Hawley Calls for End to Member Items

January 10, 2007

Assemblyman Steve Hawley (R,I,C-Batavia) today joined the Assembly Minority Conference in a call for a major overhaul to the state Legislature’s member item process, saying the current process lacks transparency, accountability and fairness because it is a process vulnerable to fraud or at least the appearance of impropriety.

Hawley, referring to member items as ‘taxpayer item money’, believes the practice of doling out taxpayer dollars for local projects should be done away with. “Money is being given back in small amounts when too much is being taken away from the taxpayers of this state,” said Hawley.

“Unless the new Governor can convince the Assembly Majority that taxpayer item money should be eliminated altogether, this inequitable system will remain in place. Therefore we must come up with a fair and equal way to disperse these monies,” said the second term Assemblyman.

The annual member-item allocation is divided among the two houses of the state Legislature and the governor. Last year, each house of the legislature received $85 million and the governor $30 million. However, the Minority parties in each house receive substantially less than their Majority counterparts. Last year the Assembly Majority received $83 million, or 97.6 percent, of the allotment.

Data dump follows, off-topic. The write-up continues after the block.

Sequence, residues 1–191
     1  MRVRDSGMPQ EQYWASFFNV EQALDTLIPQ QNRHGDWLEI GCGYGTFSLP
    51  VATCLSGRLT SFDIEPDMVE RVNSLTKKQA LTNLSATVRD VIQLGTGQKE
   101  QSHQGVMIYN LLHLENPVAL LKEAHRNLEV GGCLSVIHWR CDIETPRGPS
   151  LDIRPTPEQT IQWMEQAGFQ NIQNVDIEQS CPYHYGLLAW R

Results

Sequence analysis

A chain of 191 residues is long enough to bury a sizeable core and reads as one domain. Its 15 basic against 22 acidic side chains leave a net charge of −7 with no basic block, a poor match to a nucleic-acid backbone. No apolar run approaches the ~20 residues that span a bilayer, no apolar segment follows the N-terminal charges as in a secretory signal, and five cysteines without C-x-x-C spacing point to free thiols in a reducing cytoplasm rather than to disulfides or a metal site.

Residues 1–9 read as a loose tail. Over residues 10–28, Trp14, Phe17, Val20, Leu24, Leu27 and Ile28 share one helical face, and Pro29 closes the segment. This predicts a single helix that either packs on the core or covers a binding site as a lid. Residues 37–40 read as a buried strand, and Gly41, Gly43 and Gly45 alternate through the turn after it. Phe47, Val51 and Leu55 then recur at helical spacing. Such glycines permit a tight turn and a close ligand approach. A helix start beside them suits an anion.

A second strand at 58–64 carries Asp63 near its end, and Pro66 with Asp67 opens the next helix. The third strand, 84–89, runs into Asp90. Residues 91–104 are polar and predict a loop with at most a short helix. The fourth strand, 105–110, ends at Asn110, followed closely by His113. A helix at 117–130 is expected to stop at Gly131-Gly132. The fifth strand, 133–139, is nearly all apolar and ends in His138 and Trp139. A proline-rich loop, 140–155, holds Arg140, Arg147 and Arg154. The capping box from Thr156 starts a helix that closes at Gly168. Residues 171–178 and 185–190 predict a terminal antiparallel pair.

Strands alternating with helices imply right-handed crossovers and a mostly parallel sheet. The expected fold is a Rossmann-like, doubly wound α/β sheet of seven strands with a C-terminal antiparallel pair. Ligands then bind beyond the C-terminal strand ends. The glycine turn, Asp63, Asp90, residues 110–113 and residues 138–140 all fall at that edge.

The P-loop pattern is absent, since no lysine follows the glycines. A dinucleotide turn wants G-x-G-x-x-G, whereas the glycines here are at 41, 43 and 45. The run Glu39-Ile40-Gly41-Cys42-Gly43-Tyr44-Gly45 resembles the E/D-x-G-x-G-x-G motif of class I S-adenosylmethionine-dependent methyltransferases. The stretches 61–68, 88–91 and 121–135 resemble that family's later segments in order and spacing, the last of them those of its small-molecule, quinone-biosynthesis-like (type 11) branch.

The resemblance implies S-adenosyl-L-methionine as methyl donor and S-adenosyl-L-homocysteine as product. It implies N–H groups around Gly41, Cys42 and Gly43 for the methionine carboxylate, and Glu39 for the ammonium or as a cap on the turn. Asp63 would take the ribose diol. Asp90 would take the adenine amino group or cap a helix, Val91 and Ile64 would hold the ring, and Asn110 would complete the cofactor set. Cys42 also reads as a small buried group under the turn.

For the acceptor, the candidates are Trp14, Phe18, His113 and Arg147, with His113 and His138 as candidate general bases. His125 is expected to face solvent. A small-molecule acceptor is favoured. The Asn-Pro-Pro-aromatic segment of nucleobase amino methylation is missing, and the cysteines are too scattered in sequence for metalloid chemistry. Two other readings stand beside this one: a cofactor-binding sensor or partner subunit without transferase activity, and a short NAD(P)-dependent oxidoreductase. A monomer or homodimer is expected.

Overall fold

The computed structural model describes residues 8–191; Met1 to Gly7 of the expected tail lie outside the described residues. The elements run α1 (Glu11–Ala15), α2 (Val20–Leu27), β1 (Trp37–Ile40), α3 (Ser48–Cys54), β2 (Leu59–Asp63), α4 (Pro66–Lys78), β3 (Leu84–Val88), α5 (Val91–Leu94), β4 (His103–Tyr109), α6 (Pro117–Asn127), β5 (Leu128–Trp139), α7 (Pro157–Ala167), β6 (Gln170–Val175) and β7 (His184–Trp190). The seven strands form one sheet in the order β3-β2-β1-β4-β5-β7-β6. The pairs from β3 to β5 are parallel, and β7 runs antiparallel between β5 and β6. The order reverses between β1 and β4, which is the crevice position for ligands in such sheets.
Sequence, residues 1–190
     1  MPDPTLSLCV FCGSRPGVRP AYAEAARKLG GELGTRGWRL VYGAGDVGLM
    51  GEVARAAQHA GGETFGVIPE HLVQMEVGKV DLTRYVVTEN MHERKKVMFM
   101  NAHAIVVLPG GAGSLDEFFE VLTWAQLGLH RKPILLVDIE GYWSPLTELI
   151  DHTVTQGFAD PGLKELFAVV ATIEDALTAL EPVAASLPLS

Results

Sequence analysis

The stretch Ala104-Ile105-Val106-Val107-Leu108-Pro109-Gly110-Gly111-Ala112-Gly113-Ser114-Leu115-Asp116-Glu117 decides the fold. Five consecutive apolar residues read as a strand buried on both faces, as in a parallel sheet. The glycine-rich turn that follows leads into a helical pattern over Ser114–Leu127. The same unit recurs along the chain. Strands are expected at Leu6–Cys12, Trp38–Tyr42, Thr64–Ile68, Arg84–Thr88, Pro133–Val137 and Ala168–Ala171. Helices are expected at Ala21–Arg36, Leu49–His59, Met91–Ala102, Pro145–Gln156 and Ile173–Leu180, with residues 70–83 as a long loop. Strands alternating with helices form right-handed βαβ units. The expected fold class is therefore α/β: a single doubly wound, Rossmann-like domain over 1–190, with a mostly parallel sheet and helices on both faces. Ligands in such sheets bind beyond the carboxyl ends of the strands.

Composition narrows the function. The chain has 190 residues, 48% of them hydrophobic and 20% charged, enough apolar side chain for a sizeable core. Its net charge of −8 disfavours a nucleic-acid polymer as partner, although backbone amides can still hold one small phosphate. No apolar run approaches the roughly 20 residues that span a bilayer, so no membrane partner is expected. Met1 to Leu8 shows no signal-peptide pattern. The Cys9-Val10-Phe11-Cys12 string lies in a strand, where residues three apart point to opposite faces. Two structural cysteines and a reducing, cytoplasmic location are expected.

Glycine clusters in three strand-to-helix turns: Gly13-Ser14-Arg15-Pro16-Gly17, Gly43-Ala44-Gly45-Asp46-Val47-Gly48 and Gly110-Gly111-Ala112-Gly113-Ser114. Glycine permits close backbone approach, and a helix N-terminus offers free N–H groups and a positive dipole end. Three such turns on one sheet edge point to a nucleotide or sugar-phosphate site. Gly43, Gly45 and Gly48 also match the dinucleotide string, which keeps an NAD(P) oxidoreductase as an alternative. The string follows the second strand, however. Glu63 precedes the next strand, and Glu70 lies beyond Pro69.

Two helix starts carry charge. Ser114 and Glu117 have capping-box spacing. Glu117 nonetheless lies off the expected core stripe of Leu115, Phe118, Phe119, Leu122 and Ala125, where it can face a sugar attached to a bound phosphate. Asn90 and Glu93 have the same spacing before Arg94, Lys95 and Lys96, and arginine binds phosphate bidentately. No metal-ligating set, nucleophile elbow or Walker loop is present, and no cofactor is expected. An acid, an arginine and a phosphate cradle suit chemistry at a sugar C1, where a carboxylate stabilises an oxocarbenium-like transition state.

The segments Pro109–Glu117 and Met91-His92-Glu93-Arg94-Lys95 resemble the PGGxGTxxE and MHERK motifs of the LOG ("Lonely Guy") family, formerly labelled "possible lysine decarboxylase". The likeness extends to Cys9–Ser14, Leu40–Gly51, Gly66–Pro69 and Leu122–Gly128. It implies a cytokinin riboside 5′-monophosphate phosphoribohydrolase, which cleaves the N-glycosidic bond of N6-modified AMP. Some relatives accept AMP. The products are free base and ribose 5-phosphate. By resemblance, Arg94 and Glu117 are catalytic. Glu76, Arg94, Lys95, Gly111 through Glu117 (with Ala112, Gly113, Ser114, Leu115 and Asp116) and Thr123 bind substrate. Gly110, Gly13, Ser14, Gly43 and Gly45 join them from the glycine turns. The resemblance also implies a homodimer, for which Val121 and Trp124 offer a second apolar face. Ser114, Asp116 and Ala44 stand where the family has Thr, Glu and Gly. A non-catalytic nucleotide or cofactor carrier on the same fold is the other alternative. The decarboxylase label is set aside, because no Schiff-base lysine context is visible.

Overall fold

“Until the process can be completely done away with, we have to completely reform it so that equal disbursements are in place that benefit all New Yorkers no matter the party affiliation of their elected official,” said Hawley.

“The taxpayer item money is yet another example of a broken system employed by this legislature that squeezes the people of this state for their hard-earned money,” said Hawley. “Having served as a county legislator and now a state Assemblyman, I have seen some good come out of this money, but the bottom line is that people are not getting an equal return on the tax money they are paying to the state.”

Until 2000, member items were listed in budget bills or in legislative reports as line items, but in recent years the grants have been lumped together in a single appropriation, funded out of a special “Community Projects” account.

“The current system is too vague and secretive,” said Hawley. “Taxpayers deserve to know how and where their money is being spent, in an open and transparent system that forces accountability on the legislature as a whole.”

To combat the current situation, the Assembly Minority has introduced the “Member-Item Integrity” plan that includes measures to increase fairness and equity in the allocation of monies.